The Ontario Government has passed Bill 200, the Homeowner Protection Act, 2024, in the Legislative Assembly of Ontario, which received Royal Assent on June 6, 2024.

The Personal Property Security Act was amended to specify that a notice of security interest (NOSI) may not be registered in a land registry office with respect to collateral that is consumer goods, except as provided by regulations that may be made by the Minister responsible for the Act’s administration.

Any NOSI with respect to collateral that is consumer goods, or extensions of such notices, that were in effect immediately before the day the Bill received Royal Assent (June 6, 2024) are deemed to have expired on that day.

Accordingly, a NOSI or extension notice respecting collateral that is consumer goods that is deemed to have expired, or that expired before the day the Bill receives Royal Assent, may be deleted from title.

The Registry Office has released Bulletin 2024-07 explaining how to remove NOSIs from title.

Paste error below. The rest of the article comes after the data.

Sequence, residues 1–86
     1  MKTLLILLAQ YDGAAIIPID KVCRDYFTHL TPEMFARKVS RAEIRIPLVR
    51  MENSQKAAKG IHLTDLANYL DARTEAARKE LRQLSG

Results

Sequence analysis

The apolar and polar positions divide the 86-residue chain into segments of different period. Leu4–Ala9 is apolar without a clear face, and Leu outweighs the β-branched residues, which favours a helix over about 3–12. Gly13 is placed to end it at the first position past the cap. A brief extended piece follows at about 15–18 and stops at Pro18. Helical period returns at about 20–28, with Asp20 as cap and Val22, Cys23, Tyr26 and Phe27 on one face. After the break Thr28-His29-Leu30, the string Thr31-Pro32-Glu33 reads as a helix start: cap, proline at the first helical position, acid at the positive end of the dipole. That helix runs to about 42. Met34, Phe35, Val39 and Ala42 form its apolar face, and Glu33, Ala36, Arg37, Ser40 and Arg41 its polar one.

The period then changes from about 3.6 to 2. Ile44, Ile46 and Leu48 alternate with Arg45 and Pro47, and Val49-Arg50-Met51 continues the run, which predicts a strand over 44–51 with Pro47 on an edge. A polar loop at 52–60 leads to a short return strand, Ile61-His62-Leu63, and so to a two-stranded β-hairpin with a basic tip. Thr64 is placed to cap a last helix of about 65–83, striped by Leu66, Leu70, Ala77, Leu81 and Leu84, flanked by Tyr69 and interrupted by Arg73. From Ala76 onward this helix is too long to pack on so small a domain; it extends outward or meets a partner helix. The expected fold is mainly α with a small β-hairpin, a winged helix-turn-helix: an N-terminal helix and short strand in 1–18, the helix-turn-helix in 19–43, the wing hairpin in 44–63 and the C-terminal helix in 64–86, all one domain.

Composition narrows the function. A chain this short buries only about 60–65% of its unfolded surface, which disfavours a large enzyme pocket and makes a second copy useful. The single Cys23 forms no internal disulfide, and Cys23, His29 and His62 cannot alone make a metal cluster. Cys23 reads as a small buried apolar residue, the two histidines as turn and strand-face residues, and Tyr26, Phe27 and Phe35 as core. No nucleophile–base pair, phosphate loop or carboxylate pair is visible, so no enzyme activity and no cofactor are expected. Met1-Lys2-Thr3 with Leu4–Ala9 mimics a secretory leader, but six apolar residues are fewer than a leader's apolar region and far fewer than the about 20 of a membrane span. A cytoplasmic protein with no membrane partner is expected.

Risk Management Considerations

Although the NOSI can no longer be registered on land, the debt obligation remains and recovery may be pursued by other means, including starting legal action.

Lawyers should consider doing a PPSA search to determine whether there are any fixtures that are rented and verify the agreement of purchase and sale to determine if the seller is required to buyout the equipment or the purchaser obligated to pay the rental charges.

A PPSA search can be done via one of the search houses or online with Service Ontario.

New Freehold Homes Buyer Cooling-off Period

The Act also plans to create a 10-day cooling-off period for buyers of new freehold homes (but not for contracts for the construction of a home on land owned by the buyer), similar to what new condo buyers have now. This cooling off period will only be effective after some consultation and likely not until sometime in 2025.

Categories: Real Estate